The log supply originates from dead-standing aspen poles and the darker reclaimed wood comes from old barns and snow fences from a local supplier. The aspen usually contains beetle marks that provide each piece with one-of-a-kind character.

“The Wyoming Collection has been going quite well and has been well-received. It’s added a completely different look for us. It’s really broadened our offering to the marketplace and we’ve been quite pleased with how that line has done. It’s a much more transitional look than just the log furniture for us, so we’re glad to have that additional piece of ammunition in our belt here.

“We started by taking the weathered-wood look and fusing it with some aspen and pine that we stained in order to get what we thought was a pretty unique look as far as the overall construction of the pieces and the design.”

The Wyoming Collection idea primarily came from some of the company’s employees. The design combination of naturally weathered woods, lighter aspen and the employees’ knowledge about rustic products has proven to be a successful formula. The Wyoming Collection is targeted at the middle- to higher-end market. The company also produces a rustic arts line that is a scaled-down version with a much more attractive price point.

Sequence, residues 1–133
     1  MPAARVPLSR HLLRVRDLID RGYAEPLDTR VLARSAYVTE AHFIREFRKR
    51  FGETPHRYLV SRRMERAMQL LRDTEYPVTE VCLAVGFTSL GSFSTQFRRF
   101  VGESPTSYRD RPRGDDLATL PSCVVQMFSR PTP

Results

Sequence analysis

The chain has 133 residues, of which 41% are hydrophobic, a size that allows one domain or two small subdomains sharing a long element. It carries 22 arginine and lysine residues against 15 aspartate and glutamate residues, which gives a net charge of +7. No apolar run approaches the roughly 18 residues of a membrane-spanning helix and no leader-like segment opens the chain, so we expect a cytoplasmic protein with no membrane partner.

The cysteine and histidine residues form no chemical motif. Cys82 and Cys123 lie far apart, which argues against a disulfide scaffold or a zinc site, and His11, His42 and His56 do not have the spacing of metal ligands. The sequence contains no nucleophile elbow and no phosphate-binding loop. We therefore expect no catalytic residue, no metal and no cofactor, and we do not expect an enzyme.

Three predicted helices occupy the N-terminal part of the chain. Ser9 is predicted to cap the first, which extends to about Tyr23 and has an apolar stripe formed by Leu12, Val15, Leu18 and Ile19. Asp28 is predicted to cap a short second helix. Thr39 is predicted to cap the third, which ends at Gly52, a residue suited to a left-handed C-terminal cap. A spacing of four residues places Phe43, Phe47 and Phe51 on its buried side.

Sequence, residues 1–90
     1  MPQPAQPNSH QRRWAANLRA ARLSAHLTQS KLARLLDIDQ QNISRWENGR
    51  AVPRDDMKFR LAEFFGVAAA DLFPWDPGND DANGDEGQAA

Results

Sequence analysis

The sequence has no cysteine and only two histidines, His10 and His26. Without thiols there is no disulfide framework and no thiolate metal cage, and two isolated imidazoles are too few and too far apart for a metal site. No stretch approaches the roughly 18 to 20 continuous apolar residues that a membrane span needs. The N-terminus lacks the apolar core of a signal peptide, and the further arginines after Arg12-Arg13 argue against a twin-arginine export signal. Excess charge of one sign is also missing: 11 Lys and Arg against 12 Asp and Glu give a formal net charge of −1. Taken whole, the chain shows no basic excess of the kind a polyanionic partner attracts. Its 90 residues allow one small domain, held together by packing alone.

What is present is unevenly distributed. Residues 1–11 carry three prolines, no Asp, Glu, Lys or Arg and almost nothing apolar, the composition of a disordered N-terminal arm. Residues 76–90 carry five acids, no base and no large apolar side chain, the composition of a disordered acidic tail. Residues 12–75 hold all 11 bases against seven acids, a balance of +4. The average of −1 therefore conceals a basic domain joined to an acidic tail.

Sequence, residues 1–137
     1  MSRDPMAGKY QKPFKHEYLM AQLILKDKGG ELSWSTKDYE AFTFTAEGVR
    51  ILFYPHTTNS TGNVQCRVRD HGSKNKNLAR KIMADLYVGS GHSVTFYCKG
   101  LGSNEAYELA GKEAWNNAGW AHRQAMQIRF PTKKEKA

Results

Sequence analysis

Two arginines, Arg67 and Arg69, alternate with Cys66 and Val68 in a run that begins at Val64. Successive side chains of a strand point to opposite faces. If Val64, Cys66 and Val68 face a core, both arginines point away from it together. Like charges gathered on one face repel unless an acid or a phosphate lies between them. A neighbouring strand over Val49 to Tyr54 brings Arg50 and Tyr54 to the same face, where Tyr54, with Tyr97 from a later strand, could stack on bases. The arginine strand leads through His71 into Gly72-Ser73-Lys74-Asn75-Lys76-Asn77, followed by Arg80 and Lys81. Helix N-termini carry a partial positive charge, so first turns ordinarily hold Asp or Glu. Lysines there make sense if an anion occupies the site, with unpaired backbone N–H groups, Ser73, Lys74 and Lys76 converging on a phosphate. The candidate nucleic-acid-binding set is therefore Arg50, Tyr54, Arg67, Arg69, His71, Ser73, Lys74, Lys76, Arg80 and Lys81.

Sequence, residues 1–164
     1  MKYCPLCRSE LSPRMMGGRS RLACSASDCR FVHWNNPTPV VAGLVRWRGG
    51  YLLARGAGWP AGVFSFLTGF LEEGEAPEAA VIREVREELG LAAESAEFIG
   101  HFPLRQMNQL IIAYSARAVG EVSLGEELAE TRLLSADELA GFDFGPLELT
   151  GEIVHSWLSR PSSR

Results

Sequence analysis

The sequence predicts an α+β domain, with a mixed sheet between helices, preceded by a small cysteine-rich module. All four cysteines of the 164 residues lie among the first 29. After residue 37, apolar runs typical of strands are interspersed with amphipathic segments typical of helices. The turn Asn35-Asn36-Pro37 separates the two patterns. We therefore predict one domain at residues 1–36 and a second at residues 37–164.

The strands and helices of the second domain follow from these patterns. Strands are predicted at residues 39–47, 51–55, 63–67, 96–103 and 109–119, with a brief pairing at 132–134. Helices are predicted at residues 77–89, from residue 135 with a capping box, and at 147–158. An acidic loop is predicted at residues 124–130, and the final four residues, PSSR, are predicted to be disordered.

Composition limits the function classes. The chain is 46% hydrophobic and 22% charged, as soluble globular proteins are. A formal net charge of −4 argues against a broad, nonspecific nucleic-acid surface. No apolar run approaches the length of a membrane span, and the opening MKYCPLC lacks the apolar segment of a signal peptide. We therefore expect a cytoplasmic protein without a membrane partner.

“When we bought the company, there was just the traditional Mountain Woods product and that would be classified as higher-end. We came out and tried to add product offerings to hit a bit more of the market than just the high-end log furniture part,” adds O’Connell.

Employees count

The building processes involved in Mountain Woods Furniture’s custom pieces aren’t exactly conducted by the book. The employees build each piece from start to finish, beginning with selecting the wood from the company’s log yard to eventually having a completed piece ready for the finish room. That places a lot of responsibility on the individual builder.

 

“Most of our people have been here three or four years; many have been here longer — six, seven years. We look for people who have experience with hand tools and have worked in either a construction or industrial-type setting. If they’ve got carpentry experience, so much the better, but normally that’s not the case. We train them starting with how the wood gets prepped, then how we put it together in the lids and sides, and then as you get a little more experience, then you’re moving on to actually building some pieces.”

Mountain Woods offers about 200 pieces with standard dimensions. Custom orders are also accepted.